“When I get ‘brave’ and don’t wear a mask, or let someone into my home, I get anxious and worried. It still scares me and deeply affects my life. I have become paranoid, and it feels heavy.” — @casual_chick_lifestyle 

Common health concerns 

These key concerns emerged about the effects of covid on respondents’ health: 

  • The possibility that they might experience more severe covid symptoms due to their existing conditions and treatments. 
  • The potential need to stop taking their DMARDs to give themselves a better chance of fighting a covid infection (or secondary infection), as stopping DMARDs could trigger a flare of their autoimmune conditions. 
  • The concern that having covid reduces immunity to a range of other illnesses and viruses. 
  • The fear of developing long covid and its persistent symptoms. 

Social concerns 

A message that came through loud and clear was the sheer frustration with how the public has become so complacent about covid-safe precautions.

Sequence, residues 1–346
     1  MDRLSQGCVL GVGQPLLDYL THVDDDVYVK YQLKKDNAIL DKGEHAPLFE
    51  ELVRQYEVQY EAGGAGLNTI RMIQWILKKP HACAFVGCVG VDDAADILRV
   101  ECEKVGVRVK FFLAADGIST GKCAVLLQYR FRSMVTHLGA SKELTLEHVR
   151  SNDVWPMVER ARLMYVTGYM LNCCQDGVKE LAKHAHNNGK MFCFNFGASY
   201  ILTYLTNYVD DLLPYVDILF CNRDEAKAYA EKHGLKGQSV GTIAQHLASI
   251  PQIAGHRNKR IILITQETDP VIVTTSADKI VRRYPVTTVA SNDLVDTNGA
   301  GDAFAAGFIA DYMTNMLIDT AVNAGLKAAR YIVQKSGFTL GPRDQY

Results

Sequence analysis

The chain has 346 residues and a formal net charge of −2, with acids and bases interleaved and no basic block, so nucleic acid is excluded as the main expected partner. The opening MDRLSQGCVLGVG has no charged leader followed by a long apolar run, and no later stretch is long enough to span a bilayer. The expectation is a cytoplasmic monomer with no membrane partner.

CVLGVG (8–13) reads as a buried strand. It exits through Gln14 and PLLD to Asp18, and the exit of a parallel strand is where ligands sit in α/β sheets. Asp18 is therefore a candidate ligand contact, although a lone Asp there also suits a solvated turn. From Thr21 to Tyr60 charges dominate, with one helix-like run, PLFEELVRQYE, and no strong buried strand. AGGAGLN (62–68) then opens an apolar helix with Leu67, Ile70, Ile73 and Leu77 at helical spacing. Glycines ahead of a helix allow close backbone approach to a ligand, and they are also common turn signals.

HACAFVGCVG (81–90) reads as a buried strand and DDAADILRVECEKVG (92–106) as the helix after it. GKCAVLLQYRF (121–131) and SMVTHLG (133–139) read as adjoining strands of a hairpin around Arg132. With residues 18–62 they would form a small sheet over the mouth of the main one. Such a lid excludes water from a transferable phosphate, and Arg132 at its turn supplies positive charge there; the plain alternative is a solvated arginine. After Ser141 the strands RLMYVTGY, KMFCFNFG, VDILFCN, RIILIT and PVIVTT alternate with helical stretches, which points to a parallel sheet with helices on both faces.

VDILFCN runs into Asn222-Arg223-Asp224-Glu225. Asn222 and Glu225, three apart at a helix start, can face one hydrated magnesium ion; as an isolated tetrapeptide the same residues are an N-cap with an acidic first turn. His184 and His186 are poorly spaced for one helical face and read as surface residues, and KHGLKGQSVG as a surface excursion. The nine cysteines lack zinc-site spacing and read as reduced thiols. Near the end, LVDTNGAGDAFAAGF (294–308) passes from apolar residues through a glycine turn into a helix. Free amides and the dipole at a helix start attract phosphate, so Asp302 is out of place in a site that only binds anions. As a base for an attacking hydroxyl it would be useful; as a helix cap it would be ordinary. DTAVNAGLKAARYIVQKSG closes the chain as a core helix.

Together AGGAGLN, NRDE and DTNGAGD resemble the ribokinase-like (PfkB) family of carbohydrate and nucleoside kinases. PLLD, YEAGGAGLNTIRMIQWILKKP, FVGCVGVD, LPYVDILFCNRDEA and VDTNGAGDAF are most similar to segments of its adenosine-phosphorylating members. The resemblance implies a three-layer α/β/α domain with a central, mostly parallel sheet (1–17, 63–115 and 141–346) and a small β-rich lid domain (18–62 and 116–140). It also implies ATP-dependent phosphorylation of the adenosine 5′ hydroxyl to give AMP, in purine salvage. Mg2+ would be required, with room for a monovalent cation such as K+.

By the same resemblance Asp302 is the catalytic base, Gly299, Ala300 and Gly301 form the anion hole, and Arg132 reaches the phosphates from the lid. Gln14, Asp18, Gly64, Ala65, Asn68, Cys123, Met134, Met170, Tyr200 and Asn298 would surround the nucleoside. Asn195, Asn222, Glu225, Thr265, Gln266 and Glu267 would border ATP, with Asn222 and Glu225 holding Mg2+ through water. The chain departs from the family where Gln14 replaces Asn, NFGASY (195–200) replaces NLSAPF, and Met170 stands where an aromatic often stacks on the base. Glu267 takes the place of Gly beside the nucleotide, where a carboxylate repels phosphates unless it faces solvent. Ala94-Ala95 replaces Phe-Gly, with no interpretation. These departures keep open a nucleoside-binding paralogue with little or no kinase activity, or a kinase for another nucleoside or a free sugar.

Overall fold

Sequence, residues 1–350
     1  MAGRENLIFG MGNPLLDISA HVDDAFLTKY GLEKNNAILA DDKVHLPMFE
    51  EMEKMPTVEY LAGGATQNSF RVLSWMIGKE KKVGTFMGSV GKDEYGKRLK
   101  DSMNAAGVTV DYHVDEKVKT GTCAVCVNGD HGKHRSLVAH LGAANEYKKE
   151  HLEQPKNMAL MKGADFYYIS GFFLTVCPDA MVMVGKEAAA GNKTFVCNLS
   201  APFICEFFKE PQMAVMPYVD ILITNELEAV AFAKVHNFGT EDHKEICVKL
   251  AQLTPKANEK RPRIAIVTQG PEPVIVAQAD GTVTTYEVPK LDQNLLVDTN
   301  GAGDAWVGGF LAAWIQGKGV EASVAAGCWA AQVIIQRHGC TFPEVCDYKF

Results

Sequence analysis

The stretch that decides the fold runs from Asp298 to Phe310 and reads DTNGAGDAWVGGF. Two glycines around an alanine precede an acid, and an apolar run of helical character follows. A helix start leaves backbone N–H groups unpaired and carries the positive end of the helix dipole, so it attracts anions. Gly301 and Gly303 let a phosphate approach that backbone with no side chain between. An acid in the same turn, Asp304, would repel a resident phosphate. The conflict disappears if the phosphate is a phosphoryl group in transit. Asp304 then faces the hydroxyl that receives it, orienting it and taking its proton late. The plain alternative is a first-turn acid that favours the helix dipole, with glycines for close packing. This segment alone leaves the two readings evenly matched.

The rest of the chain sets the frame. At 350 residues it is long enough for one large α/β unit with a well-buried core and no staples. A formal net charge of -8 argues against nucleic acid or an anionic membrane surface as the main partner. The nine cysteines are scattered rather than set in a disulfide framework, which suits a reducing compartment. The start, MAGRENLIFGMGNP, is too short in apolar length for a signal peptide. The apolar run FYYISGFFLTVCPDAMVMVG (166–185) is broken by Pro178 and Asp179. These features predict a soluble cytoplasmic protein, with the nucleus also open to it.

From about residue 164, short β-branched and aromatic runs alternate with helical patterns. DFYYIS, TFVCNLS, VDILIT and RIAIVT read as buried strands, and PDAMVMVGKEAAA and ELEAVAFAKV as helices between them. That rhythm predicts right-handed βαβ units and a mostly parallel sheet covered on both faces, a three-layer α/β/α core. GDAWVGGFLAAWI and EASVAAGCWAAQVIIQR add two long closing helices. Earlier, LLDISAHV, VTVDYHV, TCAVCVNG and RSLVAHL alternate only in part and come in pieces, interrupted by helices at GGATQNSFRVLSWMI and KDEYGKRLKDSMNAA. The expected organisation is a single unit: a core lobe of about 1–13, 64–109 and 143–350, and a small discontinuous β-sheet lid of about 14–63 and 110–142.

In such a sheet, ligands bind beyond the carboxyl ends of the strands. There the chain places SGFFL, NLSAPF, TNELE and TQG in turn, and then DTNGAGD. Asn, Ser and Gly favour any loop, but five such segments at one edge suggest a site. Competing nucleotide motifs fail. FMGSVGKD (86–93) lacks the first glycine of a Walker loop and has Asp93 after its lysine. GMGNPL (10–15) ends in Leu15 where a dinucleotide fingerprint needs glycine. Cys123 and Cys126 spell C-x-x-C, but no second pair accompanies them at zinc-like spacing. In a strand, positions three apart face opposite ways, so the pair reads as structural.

“I have lost many relationships due to covid denial and minimisation, as well as conspiracy theorists. It’s horrendous with no end in sight.” — Karen D 

“I do not trust people to do the right thing, they go out and about when sick. If they go out, they don’t wear a mask. I know too many people who are sick of getting vaccinated and stopped at three shots.” — Trudi B 

“My son has an autoimmune condition and has now had covid multiple times even though he wears a P2 mask where possible. His friends are less covid-safe, so it’s hard.” Jenni B 

Public health measures 

Our respondents commented on a range of public health measures. Some were critical of the lack of covid-safe practices mandated, or even recommended, by our governments and organisations. However, many were grateful for the access to telehealth services and antiviral treatments for covid. 

“The public were sick of hearing about covid so the government has been trying to appease the majority whilst the vulnerable are ignored. We need to protect ourselves, remain informed, and advocate for ourselves.” — Kym B 

“Peer-reviewed medical journals are increasingly showing the real impact of covid but the mainstream media won’t publish the results. Those with autoimmune conditions have been left out to dry.” Jenni B 

“Why can’t we have even one session a week when extra precautions are taken in supermarkets, cinemas, cafes, health services and so on, so high-riskers can get out?” Charlie P